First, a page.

Other safety measures
- enhanced cleaning procedures
- managing coughs and sneezes
- when a child or adult in the setting displays symptoms
- travelling to or from the childminding setting
- taxis and private hire vehicles
These are practical measures to minimise the risk of infection and transmission in childminding settings.
Childminders should factor in arrangements across the day, including before and after children attend, for enhanced cleaning procedures. Surfaces, toilets, sinks and other frequently used surfaces should be cleaned regularly (at least twice daily). This should include equipment and/or areas used by the childminder and assistant. Particular attention should be paid to touchpoints such as door handles and banisters, and to hard surface areas, such as tables. These should be cleaned each day using disposable cloths and mop heads using standard household detergent and disinfectant that are active against viruses and bacteria. You must ensure that bins for tissues are emptied throughout the day.
Consideration should be given to this when arranging the attendance times for children. It is recommended that children only have access to toys and equipment that are easy to clean. Toys and equipment that children access should be cleaned when groups of children change – e.g. between sessions and at the end of the day or in the morning before the session begins - using standard detergent and disinfectant that are active against viruses and bacteria.
Resources such as water and playdough can be used as usual, with additional cleaning of equipment used. Water and playdough should be replaced on a daily/sessional basis. Childminders should limit the exchange of take home resources or items brought into the childminding setting.
If children need to bring school-bags or other personal items to the setting, arrangements should be made to manage storage of these items safely in cloakrooms or other area in order that they are not brought into and used within the childminding setting unless necessary.
Children will require comfortable areas to play, however any soft furnishings that are not required, such as throws, should be removed or washed after a single use. Where children sleep or nap in the home, children should have individual bedding, stored in individual bags and this should be laundered frequently and as a minimum weekly.
Childminders should ensure that children have identified water bottles that are not shared. All crockery and equipment used in the provision of meals and snacks for children should be cleaned with general-purpose detergent and dried thoroughly before being stored for re-use. Assistants who do not live in the home should also use their own cup or cutlery and ensure these are cleaned after use. Surfaces in dining or snack areas should be wiped down and disinfected in between use by each group of children.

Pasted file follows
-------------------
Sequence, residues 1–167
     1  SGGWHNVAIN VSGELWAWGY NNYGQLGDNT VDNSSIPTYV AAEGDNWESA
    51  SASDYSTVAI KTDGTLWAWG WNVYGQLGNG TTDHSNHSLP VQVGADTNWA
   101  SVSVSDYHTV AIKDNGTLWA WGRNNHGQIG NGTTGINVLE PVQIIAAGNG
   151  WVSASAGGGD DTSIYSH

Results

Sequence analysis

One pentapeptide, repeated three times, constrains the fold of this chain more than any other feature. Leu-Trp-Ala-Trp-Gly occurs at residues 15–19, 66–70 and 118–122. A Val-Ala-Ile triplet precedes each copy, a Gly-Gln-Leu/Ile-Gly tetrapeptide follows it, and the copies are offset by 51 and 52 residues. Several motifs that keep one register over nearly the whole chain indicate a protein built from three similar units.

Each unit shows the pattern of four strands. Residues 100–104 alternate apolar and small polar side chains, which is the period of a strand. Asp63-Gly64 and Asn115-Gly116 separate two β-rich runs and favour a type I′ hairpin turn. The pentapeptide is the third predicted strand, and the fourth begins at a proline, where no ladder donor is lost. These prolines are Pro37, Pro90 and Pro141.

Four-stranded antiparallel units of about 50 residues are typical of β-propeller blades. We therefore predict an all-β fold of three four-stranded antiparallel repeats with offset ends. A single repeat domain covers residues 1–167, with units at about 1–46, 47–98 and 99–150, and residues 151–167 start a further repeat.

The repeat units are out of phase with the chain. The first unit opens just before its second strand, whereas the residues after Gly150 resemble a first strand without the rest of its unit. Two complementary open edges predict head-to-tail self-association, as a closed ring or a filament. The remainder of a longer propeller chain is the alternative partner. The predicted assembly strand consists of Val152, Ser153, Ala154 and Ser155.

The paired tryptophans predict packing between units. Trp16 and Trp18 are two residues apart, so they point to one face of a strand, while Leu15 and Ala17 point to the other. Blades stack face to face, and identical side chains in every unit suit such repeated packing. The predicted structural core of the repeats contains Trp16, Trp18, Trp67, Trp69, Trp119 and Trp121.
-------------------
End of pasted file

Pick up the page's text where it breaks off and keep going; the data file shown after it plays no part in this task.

Children will cough and sneeze and it is not always possible to catch them in time to prevent droplet spread. Encourage children to use disposable tissues to cover the nose and mouth when sneezing, coughing, wiping, and blowing the nose. Dispose of all used tissues promptly into a waste bin. If they do not have any tissues available, encourage them to cough and sneeze into the crook of their elbow. Wash or (where this is not possible, and the child is over 12 months old) use alcohol-based hand rub to clean hands at the first opportunity until you can wash your hands. Bins should be emptied frequently. Undertake cleaning of any areas where there may be droplets as soon as practical using a household cleaning product.
Tooth brushing can continue where there are adequate facilities to do so. Settings operating toothbrushing should follow the Childsmile updated guidance.
If a child exhibits symptoms consistent with COVID-19a ventilated space must be available for the child to wait in until they can be collected by their parent. Where space allows, you should prevent contact between any other children in the setting. Care must be taken however to ensure the appropriate levels of supervision of all children. Read the advice on what to do if someone is symptomatic.
Advice on cleaning of premises after a person who potentially has COVID-19 has left the school premises can be found in the Health Protection Scotland Guidance for Non-Healthcare Settings.
All parents and carers, and where relevant assistants, should be advised that children who have symptoms, or who have household members who have symptoms, should not attend the setting, and should follow advice to self-isolate and book a test.
Where a childminder is symptomatic, or a household member has symptoms, they should close their setting and should follow advice to self-isolate and book a test.
Test and Protect